The Great Rann of Kutch (Kachchh), India

The Great Rann of Kutch (Kachchh) is a marine-influenced evaporitic sump some 300 km long and 80−100 km wide on the margin of the Thar Desert in arid western India. In India's summer monsoon, this flat desert of salty clay and mudflats, which averages 15 meters above sea level, fills with standing water. In very wet years, a wetland extends from the Gulf of Kutch on the west through to the Gulf of Cambay on the east. In the dry season the wetland transform into a series of saline pans covered with salty effloresences and halite crusts. Todat the Rain occupies one of the hottest areas of India – with summer temperatures peaking at 49.5 °C. Winter temperatures reduce dramatically and can go below 0 °C.

The intraplate position, south of the Himalayan suture, creates a unique arid capillary salt landscape inundated during the monsoon by wind-driven marine storm surges, sourced on its seaward side. The Kutch depression is bound by the Nagar Parker Fault (NPF) on the north and Kachchh Mainland Fault (KMF) on the south. Capillary evaporitic sedimentation in the Great Rann occurs in a siliciclastic matrix with deposition controlled by an interplay between tectonic, continental and marine processes. IN the early Holocene, the area was a vast shallow of the Arabian Sea until continuing geological uplift closed off the hydrographic connection with the sea, creating a vast lake that was still navigable during the time of Alexander the Great. The Ghaggar River, which presently empties into the desert of northern Rajasthan, formerly emptied into the Rann of Kutch, but the lower reaches of the river dried up as its upstream tributaries were captured by the Indus and Ganges thousands of years ago. 

Glennie and Evans (1976) concluded that the Great Rann was probably occupied in the Early Holocene by a shallow marine gulf following the rise in sea level after the last glacial epoch, whereas continental sediment influx dominated during the transgressive phase. According to them, the clay mineral matrix assemblages are dominated by illite, kaolinite, chlorite and montmorillonite, with little or no carbonate, suggesting the dominant influence of the Indus River drainage system on the matrix mineralogy. They argued that most of the matrix was derived from the combined Indus and Nara Rivers, which extended southwards towards the present Indus delta, with some of its waters escaping into the Arabian Sea via Kori Creek. There is also the possibility that an ancient mighty river, called the Saraswati, received water runoff and sediment from the Himalaya and once flowed into the Great Rann of Kutch.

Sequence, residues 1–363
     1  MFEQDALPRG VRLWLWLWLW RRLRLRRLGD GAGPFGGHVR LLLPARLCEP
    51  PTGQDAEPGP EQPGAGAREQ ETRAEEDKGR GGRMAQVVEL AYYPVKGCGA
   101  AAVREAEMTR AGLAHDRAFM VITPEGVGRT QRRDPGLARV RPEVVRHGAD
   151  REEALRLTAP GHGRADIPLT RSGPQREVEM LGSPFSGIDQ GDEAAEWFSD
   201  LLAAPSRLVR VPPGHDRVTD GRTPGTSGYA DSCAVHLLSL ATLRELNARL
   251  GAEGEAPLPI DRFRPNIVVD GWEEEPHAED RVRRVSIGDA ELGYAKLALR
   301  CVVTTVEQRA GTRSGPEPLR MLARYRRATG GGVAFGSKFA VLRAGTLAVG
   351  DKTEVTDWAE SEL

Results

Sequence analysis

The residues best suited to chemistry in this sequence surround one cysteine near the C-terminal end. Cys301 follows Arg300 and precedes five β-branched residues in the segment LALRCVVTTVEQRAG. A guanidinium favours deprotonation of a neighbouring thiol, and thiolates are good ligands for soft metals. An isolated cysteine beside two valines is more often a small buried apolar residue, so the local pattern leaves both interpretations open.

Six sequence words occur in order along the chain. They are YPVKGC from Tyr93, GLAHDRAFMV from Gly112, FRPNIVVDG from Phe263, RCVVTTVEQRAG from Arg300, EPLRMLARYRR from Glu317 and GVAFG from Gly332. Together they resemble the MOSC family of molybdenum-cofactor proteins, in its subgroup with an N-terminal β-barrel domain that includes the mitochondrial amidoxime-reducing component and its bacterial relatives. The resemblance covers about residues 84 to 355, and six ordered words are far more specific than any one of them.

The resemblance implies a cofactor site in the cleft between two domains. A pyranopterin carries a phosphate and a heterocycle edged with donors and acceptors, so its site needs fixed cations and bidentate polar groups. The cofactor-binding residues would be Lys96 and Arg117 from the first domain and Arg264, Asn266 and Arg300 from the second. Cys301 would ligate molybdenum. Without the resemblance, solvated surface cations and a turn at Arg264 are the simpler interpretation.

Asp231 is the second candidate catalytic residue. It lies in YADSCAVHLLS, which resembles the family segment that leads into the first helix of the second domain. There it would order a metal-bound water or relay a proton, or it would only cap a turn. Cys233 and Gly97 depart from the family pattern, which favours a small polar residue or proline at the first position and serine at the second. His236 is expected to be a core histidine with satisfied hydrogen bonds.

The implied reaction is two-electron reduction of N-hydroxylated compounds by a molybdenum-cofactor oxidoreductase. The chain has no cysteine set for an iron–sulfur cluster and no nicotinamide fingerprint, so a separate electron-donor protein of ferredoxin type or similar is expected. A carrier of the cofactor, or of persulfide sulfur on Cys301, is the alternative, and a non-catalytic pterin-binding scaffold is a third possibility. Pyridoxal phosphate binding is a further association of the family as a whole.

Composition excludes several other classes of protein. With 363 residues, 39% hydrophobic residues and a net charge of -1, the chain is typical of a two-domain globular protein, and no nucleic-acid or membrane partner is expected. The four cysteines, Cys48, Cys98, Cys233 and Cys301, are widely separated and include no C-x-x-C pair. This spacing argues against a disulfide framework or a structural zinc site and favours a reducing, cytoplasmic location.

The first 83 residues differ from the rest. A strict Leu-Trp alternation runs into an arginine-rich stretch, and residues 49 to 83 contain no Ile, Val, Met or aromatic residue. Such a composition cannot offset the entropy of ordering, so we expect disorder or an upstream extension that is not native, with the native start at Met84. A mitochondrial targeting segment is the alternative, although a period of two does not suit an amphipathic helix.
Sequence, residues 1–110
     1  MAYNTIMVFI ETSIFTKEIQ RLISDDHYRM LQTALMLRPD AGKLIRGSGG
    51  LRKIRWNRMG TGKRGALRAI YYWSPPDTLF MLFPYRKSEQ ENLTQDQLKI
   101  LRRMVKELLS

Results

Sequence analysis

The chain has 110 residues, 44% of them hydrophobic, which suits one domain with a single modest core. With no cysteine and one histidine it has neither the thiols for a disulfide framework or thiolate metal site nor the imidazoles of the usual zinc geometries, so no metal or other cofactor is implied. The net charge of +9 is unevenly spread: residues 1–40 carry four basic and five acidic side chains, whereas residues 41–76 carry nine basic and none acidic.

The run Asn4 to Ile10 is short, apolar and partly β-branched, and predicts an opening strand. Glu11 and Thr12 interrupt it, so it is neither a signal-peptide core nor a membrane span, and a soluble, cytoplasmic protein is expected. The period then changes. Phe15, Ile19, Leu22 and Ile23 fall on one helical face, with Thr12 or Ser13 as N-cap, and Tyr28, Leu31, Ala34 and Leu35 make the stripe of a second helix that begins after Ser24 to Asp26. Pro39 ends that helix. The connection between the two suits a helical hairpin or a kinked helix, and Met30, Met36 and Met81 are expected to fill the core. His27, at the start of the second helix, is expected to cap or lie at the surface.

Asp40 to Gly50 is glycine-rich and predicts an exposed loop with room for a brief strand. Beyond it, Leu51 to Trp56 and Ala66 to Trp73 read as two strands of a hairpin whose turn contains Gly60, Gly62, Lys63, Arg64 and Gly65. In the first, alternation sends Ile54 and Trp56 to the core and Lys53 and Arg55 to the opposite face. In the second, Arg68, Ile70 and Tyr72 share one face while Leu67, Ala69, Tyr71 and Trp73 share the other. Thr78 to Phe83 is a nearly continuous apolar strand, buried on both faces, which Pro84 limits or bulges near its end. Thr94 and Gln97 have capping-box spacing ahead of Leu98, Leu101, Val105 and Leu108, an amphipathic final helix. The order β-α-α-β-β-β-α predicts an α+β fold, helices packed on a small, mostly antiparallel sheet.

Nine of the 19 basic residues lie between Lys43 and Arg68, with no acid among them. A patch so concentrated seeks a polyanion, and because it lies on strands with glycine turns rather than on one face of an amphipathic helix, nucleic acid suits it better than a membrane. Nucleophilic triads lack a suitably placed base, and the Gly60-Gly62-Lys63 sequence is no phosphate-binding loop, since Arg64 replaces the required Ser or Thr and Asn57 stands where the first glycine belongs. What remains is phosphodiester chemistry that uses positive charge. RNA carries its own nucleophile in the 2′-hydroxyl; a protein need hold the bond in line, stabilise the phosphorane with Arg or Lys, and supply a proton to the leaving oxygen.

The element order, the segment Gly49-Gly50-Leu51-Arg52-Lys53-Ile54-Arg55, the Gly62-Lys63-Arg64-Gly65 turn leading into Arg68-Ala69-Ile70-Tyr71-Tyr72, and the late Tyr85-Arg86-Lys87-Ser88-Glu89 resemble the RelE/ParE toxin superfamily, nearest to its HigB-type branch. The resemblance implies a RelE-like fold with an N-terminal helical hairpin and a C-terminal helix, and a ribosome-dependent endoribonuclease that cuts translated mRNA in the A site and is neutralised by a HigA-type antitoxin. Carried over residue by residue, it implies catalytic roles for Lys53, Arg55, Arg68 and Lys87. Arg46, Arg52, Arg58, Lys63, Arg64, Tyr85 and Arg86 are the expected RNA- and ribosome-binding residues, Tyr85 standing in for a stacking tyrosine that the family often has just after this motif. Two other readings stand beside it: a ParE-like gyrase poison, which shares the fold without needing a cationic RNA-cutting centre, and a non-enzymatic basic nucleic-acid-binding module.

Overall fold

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Great Rann of Kutch.


The sabkha-capped Western Great Rann is known for its tectonic instability; this has created numerous episodes of liquefaction and seismite overprint in the sediments of the Rann as evidenced in the 2001 earthquake. As well as causing severe structural damage, this 7.7 magnitude event killed more than 13,000 people, caused collapse or severe damage to over a million houses and an economic loss in the region of US$10 billion. Paleoseismological investigations in the vicinity of the earlier 1819 Allah Bund earthquake indicate the occurrence of an even older earthquake around 800–1000 years ago, both relate to the surface expression of a growth anticline atop an active (but hidden) thrust fault.

Much of the halite crust is recycled each year via flooding by marine waters and so does not attain any great thickness in the sediment column. Halite layers with thicknesses of 90-120 cm were, however, described by Oldham (1893) from near Sindree. The lenticular gypsum that has grown within the sediment will probably remain and may gradually increase in percentage with time to preserve a displacive salt sabkha signature in the more evaporitic sediments.


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Pan edge of Rann of Kutch

Although the total proportion of the Holocene sediment volume in the Rann of Kutch is that is made up of capillary gypsum is less than 5-10% it is an interesting marine-associated evaporitic example for a number of reasons. It is a saline sedimentary system, formed by hydrological changes superimposed on tidally-influenced marine clastics, which are the primary signature in the matrix (mostly tidal flat heterolithics with some tidal channel sands).

There were no evaporitic salt beds at the time the tidally-influenced matrix of the Rann of Kutch saline flat was deposited. The transition to a capillary evaporite hydrology, came about some 1000-2000 years ago, as a diagenetic evolution driven by tectonics, via the formation of a hydrographic barrier tied to the early stages of the growth of the fault-controlled Allah Bund high. This makes it an interesting example of a Holocene marine sabkha created by tectonics, not eustasy. A significant question generated by its current sedimentological scenario is how we would recognise an ancient counterpart? The pervasive seismically-induced liquefaction that occurs in the Kutch sediments with each significant seismic event (every hundred or so years) probably means little or no primary matrix structure (tidal sedimentation) will be preserved in ancient counterparts. What would be preserved is likely a few anhydrite nodules (after gypsum) floating in a relatively structureless or intensely seismite-overprinted siliciclastic matrix (see Warren, 2016; chapter 3 for detail).

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Overview of Rann of Kutch, India

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